Shed in garden - Planning permission ?

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the
3m from the garden boundary? From memory: on ringing my local planning dept they said a shed cannot be over 4m high, no nearer than 5m to the main house and can be right on the boundary.
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Thanks for all the replies - I have some difficulty in seeing how anyone with say a terraced house / garden where the garden is say about 5 metres wide, of which there must be plenty, can have even a small shed that does not have both sides (let alone one side) less than two metres from a boundary fence.
In fact looking around it seems MOST sheds back right on to a boundary, or are planners/builders now putting them in the middle of lawns ?
Nick
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with say a

plenty, can have even

from a boundary

are
I'm sure permitted development sates you can go right to the boundary, but no closer than 5 metres to the main house.
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IMM wrote:

That's what I am hoping is the case .........
Nick
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Well our shed sits in the back right corner, behind the garage. It is joined on 'tother side of the fence by two similar neigbouring sheds. It is wooden but then so is the fence, but it is 5m from the house. I expect it is the 5m from the house and being combustible bit that matters. Ours is fairly new and was not flagged in the survey whereas the extension permission (done post facto) was.
Our neighbours on one side have a wooden garage that is at best 1.5m from their house and about 2.5 metres from ours (our garage intervenes, concrete sectional) but it looks almost as old as the houses (mid '60s Barratt) so probably went up prior to regs being changed. It gets used mostly as a cricket net.
Peter
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Peter Ashby
School of Life Sciences, University of Dundee, Scotland
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For the benefit of anyone querying whether or not they need planning permission for a particular reason, I have scanned the info. which my local coincil have provided. I'm not certain whether or not binaries are allowed on this newsgroup, so they're on a page at my website. http://www.paul.g.king.dsl.pipex.com/planning.htm is the holding page, which contains the links to each document.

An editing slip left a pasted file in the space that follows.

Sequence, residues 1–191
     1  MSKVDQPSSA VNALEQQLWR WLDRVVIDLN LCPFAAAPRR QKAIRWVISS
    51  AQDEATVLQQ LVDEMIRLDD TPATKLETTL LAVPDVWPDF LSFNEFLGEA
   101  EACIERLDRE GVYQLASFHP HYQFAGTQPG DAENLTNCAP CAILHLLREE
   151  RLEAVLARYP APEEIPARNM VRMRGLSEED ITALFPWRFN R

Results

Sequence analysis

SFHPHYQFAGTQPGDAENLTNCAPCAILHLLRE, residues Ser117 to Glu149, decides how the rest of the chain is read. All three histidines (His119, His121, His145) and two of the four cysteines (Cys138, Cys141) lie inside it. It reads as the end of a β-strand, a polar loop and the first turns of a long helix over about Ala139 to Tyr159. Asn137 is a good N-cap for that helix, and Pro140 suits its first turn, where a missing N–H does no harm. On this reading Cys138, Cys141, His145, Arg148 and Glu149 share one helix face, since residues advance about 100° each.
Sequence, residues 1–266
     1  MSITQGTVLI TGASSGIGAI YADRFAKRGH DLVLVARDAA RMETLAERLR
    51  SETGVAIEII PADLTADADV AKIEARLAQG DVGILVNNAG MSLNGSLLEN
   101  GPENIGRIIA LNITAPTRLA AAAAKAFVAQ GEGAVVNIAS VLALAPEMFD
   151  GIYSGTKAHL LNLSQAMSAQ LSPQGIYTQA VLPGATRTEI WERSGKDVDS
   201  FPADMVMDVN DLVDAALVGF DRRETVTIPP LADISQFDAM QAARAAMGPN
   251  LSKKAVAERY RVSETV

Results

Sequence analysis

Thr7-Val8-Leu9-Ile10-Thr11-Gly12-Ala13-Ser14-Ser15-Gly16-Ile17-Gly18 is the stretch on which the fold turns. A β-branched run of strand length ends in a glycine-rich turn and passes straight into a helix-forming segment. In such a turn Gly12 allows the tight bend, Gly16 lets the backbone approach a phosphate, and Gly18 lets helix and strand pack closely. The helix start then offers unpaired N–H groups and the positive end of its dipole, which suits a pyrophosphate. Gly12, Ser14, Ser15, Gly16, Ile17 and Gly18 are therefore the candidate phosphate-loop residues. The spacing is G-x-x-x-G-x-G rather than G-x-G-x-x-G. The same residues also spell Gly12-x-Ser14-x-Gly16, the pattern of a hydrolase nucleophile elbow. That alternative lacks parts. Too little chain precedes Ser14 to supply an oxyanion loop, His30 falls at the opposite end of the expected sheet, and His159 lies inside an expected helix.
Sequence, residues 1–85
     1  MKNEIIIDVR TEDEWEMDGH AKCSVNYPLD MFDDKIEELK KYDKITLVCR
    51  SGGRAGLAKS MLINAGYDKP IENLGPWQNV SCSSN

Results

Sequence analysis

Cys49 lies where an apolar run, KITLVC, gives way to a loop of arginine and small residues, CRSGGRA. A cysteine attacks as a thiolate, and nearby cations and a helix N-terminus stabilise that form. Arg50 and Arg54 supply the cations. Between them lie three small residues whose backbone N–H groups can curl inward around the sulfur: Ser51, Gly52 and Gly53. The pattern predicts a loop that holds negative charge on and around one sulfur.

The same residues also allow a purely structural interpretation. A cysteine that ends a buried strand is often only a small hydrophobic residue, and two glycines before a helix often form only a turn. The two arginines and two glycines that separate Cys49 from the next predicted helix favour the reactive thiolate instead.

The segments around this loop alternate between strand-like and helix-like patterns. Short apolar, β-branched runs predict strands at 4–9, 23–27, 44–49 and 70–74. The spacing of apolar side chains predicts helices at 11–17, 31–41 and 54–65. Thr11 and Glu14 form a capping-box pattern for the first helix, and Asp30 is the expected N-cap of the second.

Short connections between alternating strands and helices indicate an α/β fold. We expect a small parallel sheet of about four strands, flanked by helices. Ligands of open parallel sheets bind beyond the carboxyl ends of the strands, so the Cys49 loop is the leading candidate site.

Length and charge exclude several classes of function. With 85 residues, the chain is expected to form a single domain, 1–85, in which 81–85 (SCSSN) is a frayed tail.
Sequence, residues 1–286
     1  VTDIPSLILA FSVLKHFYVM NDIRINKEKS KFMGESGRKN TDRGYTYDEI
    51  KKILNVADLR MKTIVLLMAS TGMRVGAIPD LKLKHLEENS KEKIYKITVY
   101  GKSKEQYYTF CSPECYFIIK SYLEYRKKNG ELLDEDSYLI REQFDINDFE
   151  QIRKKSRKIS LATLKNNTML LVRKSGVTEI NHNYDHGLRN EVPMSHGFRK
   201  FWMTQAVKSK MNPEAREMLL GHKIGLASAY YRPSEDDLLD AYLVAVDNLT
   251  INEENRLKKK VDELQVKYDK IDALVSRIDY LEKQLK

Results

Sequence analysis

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"Paul King" wrote

Gawd. I want to butt a wooden shed to within 6" of the neighbours fence. 1 metre (as it's combustible) scuppers my plans completely.
'non combustible' ?? ok, so apart from brick (don't want to use this) or metal (neither) what are my other building material options that will allow me to get closer to the fence ?
Cheers,
Paul.
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local
allowed
which
I built a 12x12 workshop with a tiled apex roof from dense concrete blocks and then painted them sandstone. Kept it 2 feet from two bouncary fences for maintenance (of said fences and building).
HTH
Paul
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local
allowed
which
1m or 2m distance from boundaries can't be right for sheds. A quick look around here shows that every single shed is within about 0.5m of a boundary, whether they're new sheds or old. I've never heard of anyone round here being told to move a shed away from a boundary.
If it's within 5m of your property then different rules apply, and it'll also be counted as part of your dwelling for calculations on permitted development.
cheers Richard
-- Richard Sampson
email me at richard at olifant d-ot co do-t uk
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If its within 5 metres of the main house PP may be required. Yes, for a shed.
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<snip>
look
Well yes, but I was primarily pointing out that the minimum distance from boundary fence cant be an issue otherwise 99.9% (est) of garden sheds are probably illegal.
So lets forget about the 5m from dwelling bit and concentrate on the boundary distance issue (to be explicit, "for a shed that is more than 5m from the dwelling").
Richard
-- Richard Sampson
email me at richard at olifant d-ot co do-t uk
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Yes please - boundary distance issue only, especially if anyone has direct experience with Hart Council (N.E. Hants) and sheds and how touchy they might be - I am only looking at a shed, more than 5M from the house and with a sloping roof less than 3M high at the back of the property and invisible from the road and just about anyone else come to that.
Thanks,
Nick
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"froggers" wrote

Heh, this is exactly what i'm doing, and the same council area (Farnboro') :)